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September 2016  

MS-ISAC Volume 11, Issue 9

Two-Factor Authentication

From the Desk of Andrew R. Reese

Phones, computers, and appliances all store vital information. Passwords are one of the first steps to protecting that information – digital keys to our online kingdoms. But you can make login information more secure by pairing the password - something you know (knowledge) - with another factor, such as something you have (possession) or something you are (inherence). Something you have might be a smartphone, and you can prove you have the phone by reporting back the PIN code that was sent to it in a text message. Something you are could include your fingerprint or other biometric data. When two of these factors are combined to secure an account it is called two-factor authentication.

Why Shoud I Use Two-Factor Authentication?

Two-factor authentication is an important layer of defense beyond your password. It decreases your risk of falling victim to a compromise because criminals need access to two separate items to compromise your account – for instance your password and your smartphone (to receive the PIN code). Cyber criminals regularly “leak” (release) login credentials from compromised websites. They then use these leaked login names, email addresses, and passwords to find other accounts using the same credentials. This allows them to easily impersonate you online, gain access to work and personal accounts, sign online service agreements or contracts, engage in financial transactions, or change account information. Enabling two-factor authentication makes it more difficult for criminals to use this technique against you because a password would not be sufficient to gain access.

Turning on Two-Factor Authentication

Turning on two-factor authentication is really important on websites that process financial transactions (banks), contain sensitive information (Facebook), or could be used to impersonate you (Twitter). You can usually enable two-factor authentication through the security settings and directions to enable two-factor authentication are available in the help section of each website (It may be called “login verification” on some websites). If you can’t find the directions on how to enable two-factor authentication on a specific website, an Internet search for “enabling two-factor authentication on” and the name of the website will usually get you the directions.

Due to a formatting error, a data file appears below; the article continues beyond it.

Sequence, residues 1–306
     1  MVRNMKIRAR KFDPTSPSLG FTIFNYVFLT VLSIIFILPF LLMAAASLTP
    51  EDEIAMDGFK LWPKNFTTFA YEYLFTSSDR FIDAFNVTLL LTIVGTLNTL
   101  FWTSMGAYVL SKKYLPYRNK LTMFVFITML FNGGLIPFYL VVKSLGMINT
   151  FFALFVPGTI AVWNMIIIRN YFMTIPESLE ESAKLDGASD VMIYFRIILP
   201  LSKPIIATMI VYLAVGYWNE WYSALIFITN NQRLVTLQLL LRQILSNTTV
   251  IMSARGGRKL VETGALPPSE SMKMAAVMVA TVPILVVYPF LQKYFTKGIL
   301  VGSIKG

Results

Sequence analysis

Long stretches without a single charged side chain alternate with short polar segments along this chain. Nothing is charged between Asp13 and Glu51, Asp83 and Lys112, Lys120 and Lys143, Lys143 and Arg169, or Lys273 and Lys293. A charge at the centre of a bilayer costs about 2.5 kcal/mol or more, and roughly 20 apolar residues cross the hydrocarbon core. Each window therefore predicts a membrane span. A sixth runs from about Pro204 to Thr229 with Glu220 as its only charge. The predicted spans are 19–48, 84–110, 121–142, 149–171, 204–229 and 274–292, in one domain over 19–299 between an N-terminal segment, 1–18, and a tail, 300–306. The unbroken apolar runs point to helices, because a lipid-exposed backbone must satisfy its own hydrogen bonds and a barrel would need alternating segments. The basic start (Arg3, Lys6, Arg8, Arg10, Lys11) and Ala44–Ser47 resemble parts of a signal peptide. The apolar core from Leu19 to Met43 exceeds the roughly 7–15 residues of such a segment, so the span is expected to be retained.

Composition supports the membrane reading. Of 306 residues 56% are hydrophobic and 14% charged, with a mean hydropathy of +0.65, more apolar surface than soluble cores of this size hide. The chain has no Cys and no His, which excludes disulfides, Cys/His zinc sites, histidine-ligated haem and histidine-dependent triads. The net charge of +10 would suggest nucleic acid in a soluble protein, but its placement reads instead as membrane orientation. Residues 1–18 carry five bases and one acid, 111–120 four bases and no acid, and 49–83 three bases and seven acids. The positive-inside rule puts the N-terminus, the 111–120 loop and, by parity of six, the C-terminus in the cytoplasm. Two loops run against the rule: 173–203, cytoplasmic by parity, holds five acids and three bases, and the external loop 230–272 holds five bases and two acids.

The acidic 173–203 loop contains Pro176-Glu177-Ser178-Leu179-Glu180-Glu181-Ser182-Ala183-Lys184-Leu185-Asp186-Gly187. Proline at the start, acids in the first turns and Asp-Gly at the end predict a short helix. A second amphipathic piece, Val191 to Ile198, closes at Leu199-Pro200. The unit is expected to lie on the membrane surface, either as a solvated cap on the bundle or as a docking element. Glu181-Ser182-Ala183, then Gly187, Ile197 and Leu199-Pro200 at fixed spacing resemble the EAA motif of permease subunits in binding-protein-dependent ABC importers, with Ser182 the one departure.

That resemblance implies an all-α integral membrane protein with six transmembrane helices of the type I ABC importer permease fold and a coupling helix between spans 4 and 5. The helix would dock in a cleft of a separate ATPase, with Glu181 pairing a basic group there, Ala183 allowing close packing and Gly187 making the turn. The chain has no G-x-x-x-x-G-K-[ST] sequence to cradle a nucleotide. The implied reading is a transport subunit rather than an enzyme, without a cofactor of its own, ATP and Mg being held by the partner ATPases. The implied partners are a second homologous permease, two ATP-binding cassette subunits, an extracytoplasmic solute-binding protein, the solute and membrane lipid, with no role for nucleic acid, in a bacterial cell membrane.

To be more cyber secure, turn on two-factor authentication and pair it with a strong, unique password.

Password Managers

One of the most common components of two-factor authentication is a strong password. Typically this means making the password long, complicated, and unique. But remembering all those passwords can be a challenge. So while you’re implementing two-factor authentication on your accounts, you might also consider choosing a password manager.

A password manager is a password-protected application that can run on a computer, smartphone, or in the cloud that securely tracks and stores other passwords. This means you only have to remember one password! Most password managers can also generate strong, random passwords for each account. As long as the password to access the password manager is very strong and unique, and the location of the password manager data is protected, this technique can be effective at securing login credentials. When choosing a password manager, ensure it is from a known, trustworthy company with a good reputation. Only use a password manager that stores the information on the device and use it on devices you trust and can keep secure.

Further Information

More information on the role of strong passwords in enterprise defense is available in the CIS Critical Security Controls:

Further advice on passwords is available in the MS-ISAC Security Primer available at: Primer - Securing Login Credentials.pdf

Andrew R. Reese

Mobile: (717) 395-3063

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